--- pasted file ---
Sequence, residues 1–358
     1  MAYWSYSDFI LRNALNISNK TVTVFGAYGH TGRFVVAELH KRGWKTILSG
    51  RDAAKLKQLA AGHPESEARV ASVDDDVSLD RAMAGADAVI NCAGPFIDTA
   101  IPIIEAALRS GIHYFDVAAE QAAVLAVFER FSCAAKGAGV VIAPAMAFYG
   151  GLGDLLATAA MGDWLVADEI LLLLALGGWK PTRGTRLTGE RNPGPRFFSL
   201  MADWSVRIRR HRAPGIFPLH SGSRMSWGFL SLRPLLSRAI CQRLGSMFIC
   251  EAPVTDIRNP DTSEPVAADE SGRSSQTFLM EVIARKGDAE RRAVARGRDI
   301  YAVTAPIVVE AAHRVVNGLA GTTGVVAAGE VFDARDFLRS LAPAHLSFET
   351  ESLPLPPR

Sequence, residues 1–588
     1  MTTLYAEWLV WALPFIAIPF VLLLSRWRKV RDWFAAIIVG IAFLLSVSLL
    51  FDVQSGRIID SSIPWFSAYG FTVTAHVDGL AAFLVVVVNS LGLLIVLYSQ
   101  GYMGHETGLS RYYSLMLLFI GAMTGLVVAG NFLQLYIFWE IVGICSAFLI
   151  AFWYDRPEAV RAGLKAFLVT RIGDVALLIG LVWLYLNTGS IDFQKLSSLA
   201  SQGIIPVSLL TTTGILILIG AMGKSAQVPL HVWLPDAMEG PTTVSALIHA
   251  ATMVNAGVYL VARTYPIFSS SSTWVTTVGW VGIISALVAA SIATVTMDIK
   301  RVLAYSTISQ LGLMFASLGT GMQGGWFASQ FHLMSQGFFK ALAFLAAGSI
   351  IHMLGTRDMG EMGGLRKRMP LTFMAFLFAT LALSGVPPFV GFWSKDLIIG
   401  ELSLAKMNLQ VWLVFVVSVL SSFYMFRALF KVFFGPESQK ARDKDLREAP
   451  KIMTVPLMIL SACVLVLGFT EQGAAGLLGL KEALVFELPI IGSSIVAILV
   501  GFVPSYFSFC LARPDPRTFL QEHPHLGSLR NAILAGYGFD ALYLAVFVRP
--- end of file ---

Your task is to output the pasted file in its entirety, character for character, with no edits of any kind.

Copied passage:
Sequence, residues 1–358
     1  MAYWSYSDFI LRNALNISNK TVTVFGAYGH TGRFVVAELH KRGWKTILSG
    51  RDAAKLKQLA AGHPESEARV ASVDDDVSLD RAMAGADAVI NCAGPFIDTA
   101  IPIIEAALRS GIHYFDVAAE QAAVLAVFER FSCAAKGAGV VIAPAMAFYG
   151  GLGDLLATAA MGDWLVADEI LLLLALGGWK PTRGTRLTGE RNPGPRFFSL
   201  MADWSVRIRR HRAPGIFPLH SGSRMSWGFL SLRPLLSRAI CQRLGSMFIC
   251  EAPVTDIRNP DTSEPVAADE SGRSSQTFLM EVIARKGDAE RRAVARGRDI
   301  YAVTAPIVVE AAHRVVNGLA GTTGVVAAGE VFDARDFLRS LAPAHLSFET
   351  ESLPLPPR

Sequence, residues 1–588
     1  MTTLYAEWLV WALPFIAIPF VLLLSRWRKV RDWFAAIIVG IAFLLSVSLL
    51  FDVQSGRIID SSIPWFSAYG FTVTAHVDGL AAFLVVVVNS LGLLIVLYSQ
   101  GYMGHETGLS RYYSLMLLFI GAMTGLVVAG NFLQLYIFWE IVGICSAFLI
   151  AFWYDRPEAV RAGLKAFLVT RIGDVALLIG LVWLYLNTGS IDFQKLSSLA
   201  SQGIIPVSLL TTTGILILIG AMGKSAQVPL HVWLPDAMEG PTTVSALIHA
   251  ATMVNAGVYL VARTYPIFSS SSTWVTTVGW VGIISALVAA SIATVTMDIK
   301  RVLAYSTISQ LGLMFASLGT GMQGGWFASQ FHLMSQGFFK ALAFLAAGSI
   351  IHMLGTRDMG EMGGLRKRMP LTFMAFLFAT LALSGVPPFV GFWSKDLIIG
   401  ELSLAKMNLQ VWLVFVVSVL SSFYMFRALF KVFFGPESQK ARDKDLREAP
   451  KIMTVPLMIL SACVLVLGFT EQGAAGLLGL KEALVFELPI IGSSIVAILV
   501  GFVPSYFSFC LARPDPRTFL QEHPHLGSLR NAILAGYGFD ALYLAVFVRP